Before taking Ibsrela, talk with your doctor and pharmacist. Tell them about all prescription, over-the-counter, and other drugs you take. Also, tell them about any vitamins, herbs, and supplements you use. Sharing this information can help you avoid potential interactions.
Interactions with medications
Below is a list of medications that can interact with Ibsrela. This list does not contain all drugs that may interact with Ibsrela. If you have questions about drug interactions that may affect you, ask your doctor or pharmacist.
Medications that can interact with Ibsrela include:
- enalapril (Vasotec)
- fexofenadine (Allegra)
Ibsrela isn’t known to interact with specific herbs, supplements, or foods.
Alcohol isn’t known to interact with Ibsrela. It’s likely safe to consume alcohol while taking Ibsrela.
If you have questions about how much alcohol is safe to drink while taking Ibsrela, talk with your doctor or pharmacist.
This drug comes with several precautions.
FDA warning: Risk of serious dehydration in children
This drug has a boxed warning. A boxed warning is the most serious warning from the Food and Drug Administration (FDA). A boxed warning alerts doctors and patients about drug effects that may be dangerous.
In animal studies of Ibsrela, some of the young rats died after receiving the drug. The deaths were likely due to serious dehydration. (In people, Ibsrela may cause diarrhea as a side effect. If diarrhea is severe or lasts a long time, it can lead to severe dehydration.)
Keep in mind that animal studies don’t always accurately predict what will happen in people. Still, due to this risk, doctors typically won’t prescribe Ibsrela for children.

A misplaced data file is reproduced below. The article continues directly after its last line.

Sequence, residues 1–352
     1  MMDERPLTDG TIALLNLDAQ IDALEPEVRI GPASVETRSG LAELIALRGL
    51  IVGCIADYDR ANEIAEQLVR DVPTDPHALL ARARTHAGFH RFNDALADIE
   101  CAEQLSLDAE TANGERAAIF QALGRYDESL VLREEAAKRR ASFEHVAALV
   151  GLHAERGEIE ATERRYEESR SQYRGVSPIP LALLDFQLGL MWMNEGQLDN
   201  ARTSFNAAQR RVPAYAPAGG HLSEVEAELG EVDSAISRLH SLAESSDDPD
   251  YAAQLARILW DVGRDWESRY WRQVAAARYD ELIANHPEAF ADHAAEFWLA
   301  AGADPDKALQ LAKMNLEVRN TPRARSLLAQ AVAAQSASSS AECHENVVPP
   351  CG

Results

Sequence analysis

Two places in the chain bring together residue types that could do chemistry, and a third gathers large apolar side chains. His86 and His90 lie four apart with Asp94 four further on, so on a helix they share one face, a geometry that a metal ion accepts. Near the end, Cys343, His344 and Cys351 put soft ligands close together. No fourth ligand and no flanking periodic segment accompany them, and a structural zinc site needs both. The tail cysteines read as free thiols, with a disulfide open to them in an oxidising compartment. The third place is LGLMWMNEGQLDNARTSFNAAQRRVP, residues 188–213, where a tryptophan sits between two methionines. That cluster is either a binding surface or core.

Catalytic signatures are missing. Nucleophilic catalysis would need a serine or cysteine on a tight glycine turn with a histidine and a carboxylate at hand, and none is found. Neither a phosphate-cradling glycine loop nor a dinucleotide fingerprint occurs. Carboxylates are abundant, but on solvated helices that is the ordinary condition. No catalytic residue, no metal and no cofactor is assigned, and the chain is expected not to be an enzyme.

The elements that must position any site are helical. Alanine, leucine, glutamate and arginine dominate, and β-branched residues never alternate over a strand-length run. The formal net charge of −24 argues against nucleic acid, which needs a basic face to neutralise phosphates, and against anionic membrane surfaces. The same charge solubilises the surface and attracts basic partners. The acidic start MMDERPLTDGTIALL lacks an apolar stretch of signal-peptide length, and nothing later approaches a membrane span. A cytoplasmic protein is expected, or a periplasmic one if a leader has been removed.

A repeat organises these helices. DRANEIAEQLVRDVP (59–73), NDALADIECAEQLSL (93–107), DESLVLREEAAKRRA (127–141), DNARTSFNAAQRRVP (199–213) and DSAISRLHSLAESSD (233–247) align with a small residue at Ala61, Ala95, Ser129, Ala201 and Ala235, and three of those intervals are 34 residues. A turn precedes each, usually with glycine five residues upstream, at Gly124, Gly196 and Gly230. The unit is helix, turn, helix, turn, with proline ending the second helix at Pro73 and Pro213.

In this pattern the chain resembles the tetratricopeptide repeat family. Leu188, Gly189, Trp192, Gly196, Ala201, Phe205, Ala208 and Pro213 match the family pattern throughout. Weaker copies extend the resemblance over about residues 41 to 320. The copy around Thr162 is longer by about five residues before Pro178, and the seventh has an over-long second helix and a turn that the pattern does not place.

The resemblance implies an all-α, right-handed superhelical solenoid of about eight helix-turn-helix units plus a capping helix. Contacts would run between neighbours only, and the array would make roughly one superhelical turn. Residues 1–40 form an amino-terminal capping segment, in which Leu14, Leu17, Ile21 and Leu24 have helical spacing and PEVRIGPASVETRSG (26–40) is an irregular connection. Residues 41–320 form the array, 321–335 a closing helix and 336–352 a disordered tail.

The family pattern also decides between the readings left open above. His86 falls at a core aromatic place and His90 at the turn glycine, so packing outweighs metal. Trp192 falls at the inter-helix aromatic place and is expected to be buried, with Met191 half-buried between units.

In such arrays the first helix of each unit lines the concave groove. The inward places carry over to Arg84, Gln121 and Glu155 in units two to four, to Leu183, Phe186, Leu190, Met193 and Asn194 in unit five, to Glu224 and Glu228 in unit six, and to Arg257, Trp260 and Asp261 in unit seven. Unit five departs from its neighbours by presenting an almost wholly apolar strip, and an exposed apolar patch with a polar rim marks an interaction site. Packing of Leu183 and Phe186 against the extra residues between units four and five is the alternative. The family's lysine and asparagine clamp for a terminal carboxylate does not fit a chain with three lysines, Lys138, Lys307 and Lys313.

Ibsrela is not FDA-approved for use in children of any age. It’s only approved for use in people ages 18 years and older. The drug hasn’t been tested for effectiveness or safety in children. To learn more about Ibsrela’s approved use, see the “Ibsrela uses” section above.
Talk with your doctor if you have questions about this warning.
Before taking Ibsrela, discuss your health history with your doctor. Ibsrela may not be right for you if you have certain medical conditions or other factors affecting your health. Be sure to talk with your doctor if any of the following apply to you:
- bowel obstruction (blockage)
- chronic kidney disease
- past allergic reaction to this or a similar drug
Note: For more information about the potential negative effects of Ibsrela, see the “Ibsrela side effects” section above.
If you can become pregnant, consider the following information about pregnancy and breastfeeding.
Ibsrela and pregnancy
In general, Ibsrela is considered safe to take during pregnancy. However, you should still ask your doctor whether they feel it’s safe for you.
Ibsrela and breastfeeding
In general, Ibsrela is considered safe to take while breastfeeding. However, you should still ask your doctor whether they feel it’s safe for you.
If you’d like to learn about other aspects of Ibsrela, talk with your doctor or pharmacist.
Disclaimer: Medical News Today has made every effort to make certain that all information is factually correct, comprehensive, and up to date. However, this article should not be used as a substitute for the knowledge and expertise of a licensed healthcare professional. You should always consult your doctor or another healthcare professional before taking any medication. The drug information contained herein is subject to change and is not intended to cover all possible uses, directions, precautions, warnings, drug interactions, allergic reactions, or adverse effects. The absence of warnings or other information for a given drug does not indicate that the drug or drug combination is safe, effective, or appropriate for all patients or all specific uses.